Nutrition Issues and Dietary Problems Faced by Seniors
Author: Deb Shore
Published: 2009-02-22 : (Rev. 2012-03-14)
- Food and nutrition guide and information for seniors and the elderly community members.
Main DigestThis is a pretty detailed story addressing nutrition for elderly people.
As an RN, I'd been educated in nursing school about the aging process and what unique ailments the elderly population had. Nutrition for the elderly population was not part of the curriculum. Let me walk you through this so you can understand how nutrition fits in the aging process.
In hospital practice, I didn't truly appreciate issues with the elderly because hospitals are acute care, not chronic care. We knew the longer an elderly patient was in the hospital, the more likely they would become confused, progressively more ill, develop complications, and often die.
In total ignorance of elder care, I left my hospital position to work as an ADN (Assistant Director of Nursing) at a nursing home where a friend of mine had taken the Director job and was looking for good help. Within the first couple weeks, I'd sent several patients to the hospital ER because of that ignorance!
The first patient had a hard, hot, swollen, reddened area on her right calf. In acute care, that is a blood clot. It's very dangerous because it can break free, go to the lungs, block air flow and cause death. In chronic care, as in this case, it can be a recurrence of phlebitis. The symptoms are identical (red, hot, swollen leg) but the causes are different. I didn't regret it, because you never really know. It might have been a blood clot, but... other staff with more experience, and knowing the patient's history, would not have sent her.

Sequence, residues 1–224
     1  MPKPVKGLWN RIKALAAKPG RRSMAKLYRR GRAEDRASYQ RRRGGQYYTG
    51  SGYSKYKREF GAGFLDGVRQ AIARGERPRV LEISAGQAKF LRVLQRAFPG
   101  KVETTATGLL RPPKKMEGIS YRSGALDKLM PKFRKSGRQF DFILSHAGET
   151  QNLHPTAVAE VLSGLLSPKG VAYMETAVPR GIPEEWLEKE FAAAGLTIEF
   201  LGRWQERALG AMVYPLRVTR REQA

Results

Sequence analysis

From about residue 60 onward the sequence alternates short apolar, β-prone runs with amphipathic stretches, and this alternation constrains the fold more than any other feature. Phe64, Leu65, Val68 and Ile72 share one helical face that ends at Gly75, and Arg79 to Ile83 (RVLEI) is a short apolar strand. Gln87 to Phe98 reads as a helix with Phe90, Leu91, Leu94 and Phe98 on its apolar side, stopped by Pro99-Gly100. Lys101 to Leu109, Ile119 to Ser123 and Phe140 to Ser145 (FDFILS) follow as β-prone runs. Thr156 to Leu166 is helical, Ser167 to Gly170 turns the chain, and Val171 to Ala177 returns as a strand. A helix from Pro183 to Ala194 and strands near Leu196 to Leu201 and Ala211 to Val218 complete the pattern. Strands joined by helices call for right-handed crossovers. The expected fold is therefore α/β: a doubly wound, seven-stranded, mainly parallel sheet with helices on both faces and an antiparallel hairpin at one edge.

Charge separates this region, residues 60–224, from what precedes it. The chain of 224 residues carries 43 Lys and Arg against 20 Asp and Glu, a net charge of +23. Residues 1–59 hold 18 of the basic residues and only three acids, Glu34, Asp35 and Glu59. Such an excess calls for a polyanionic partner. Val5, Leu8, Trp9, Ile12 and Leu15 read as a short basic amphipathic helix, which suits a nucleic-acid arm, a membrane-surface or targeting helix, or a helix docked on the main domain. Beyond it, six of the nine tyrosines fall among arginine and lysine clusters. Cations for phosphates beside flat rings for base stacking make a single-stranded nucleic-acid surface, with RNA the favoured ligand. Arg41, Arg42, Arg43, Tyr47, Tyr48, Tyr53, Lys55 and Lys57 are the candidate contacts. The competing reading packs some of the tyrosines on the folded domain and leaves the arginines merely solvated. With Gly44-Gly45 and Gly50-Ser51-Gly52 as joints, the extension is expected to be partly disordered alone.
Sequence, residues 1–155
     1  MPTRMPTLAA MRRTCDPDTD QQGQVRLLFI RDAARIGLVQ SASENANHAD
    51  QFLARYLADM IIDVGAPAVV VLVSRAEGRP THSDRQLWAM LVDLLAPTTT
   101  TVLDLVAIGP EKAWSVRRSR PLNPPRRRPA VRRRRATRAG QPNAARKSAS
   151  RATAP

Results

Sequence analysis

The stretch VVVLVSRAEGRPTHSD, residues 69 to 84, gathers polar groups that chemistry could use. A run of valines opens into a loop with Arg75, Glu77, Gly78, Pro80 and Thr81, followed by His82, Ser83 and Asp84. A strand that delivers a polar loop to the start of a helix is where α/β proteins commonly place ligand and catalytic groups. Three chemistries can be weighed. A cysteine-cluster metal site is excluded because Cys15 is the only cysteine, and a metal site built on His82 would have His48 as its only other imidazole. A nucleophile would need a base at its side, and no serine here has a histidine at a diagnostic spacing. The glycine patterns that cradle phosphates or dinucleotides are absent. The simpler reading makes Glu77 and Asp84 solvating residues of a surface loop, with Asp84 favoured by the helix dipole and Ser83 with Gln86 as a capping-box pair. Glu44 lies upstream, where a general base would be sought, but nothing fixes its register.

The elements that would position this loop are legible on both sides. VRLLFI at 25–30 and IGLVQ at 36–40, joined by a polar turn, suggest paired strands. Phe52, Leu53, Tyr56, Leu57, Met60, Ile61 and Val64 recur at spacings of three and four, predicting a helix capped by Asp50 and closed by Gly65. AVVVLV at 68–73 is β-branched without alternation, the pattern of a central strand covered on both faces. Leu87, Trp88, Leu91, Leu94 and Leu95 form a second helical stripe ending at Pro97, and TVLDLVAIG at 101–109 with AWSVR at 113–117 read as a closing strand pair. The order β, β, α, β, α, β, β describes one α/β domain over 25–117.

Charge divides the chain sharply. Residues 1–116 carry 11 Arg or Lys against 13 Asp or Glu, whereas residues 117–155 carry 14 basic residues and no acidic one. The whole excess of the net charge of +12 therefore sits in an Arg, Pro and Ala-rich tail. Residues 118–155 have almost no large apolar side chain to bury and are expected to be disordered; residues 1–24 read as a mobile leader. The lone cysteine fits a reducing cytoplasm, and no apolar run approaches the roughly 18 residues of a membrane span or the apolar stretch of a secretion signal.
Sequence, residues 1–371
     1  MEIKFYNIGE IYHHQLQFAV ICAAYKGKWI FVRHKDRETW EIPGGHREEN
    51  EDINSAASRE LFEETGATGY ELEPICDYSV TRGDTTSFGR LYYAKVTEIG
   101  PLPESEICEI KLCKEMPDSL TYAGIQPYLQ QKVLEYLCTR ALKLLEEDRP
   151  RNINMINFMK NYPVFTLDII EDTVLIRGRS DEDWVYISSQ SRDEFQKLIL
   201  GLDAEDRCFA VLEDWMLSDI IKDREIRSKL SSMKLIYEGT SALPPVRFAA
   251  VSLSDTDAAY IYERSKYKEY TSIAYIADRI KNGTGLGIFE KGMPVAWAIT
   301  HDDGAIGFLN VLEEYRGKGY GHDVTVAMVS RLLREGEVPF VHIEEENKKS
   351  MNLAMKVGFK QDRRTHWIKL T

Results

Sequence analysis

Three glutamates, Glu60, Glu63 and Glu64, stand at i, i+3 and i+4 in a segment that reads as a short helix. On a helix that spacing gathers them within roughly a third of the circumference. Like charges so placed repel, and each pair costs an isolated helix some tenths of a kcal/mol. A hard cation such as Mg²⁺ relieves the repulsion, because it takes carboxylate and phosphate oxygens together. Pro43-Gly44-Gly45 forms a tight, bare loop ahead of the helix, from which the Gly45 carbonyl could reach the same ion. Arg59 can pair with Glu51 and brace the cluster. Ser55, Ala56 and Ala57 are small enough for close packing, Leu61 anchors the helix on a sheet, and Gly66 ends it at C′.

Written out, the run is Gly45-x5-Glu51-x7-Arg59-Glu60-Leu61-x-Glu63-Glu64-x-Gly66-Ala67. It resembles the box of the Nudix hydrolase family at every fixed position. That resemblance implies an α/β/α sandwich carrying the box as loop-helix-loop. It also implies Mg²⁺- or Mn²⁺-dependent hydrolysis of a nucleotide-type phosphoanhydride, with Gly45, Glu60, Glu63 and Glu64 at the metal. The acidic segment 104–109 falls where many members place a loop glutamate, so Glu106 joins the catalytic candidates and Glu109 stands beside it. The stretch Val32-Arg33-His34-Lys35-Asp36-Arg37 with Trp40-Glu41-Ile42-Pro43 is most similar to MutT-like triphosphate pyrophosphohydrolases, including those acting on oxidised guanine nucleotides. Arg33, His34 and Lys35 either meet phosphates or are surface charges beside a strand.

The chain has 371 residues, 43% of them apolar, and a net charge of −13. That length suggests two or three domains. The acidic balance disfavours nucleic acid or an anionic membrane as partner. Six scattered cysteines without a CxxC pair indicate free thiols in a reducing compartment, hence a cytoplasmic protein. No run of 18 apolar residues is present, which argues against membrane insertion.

Several body systems affect nutrition for elderly people. Let's start from the head and work our way down.
1. Memory Loss.
It's not a normal part of aging. There are plenty of elderly folks that have no problem with memory. There's an abundant amount of information available to address memory loss. How is nutrition affected by memory? Yes, I wrote that right. Read it again, then, continue. We need to remember to buy food, store it properly, prepare it, and eat it! Any of those steps could be and are forgotten. I've watched people go to their cupboard for food, find nothing they like, or nothing at all, and then return to their chair to watch t.v. and not eat! Foods go bad and are eaten anyway - things taste differently as we age. Thought goes into preparing food, what if you forgot how to make a sandwich? What if you forgot if you took your medicine, or if you thought you ate, but really took your medicine
2. Eyes, ears, nose, mouth, throat
Vision dims, hearing is diminished, smells are different, there may be swallowing difficulties...mouth pain, tooth pain, dry mouth, and poor fitting dentures. How many times is nutrition for elderly provided in a can? Have you looked at the ingredients in those? Being milk based causes mucous production and increases difficulty with swallowing. Going out to eat is out of the question if you have trouble swallowing. Choking in public? No way! How and what do you eat if your mouth hurts? What if your dentures are loose? Do you see how eating may lose it's appeal
3. Lets get to the stomach next
As we age, everything slows. It takes longer for foods to digest. Many times, sweets are eaten first because taste buds change. What about a glass of lemonade or sweet tea? They sure won't let you add salt to the food, so sugar it is. Then there's less food eaten because the stomach is filling quicker than it's emptying. Of course, you could always rely on that nutritionally inadequate can again.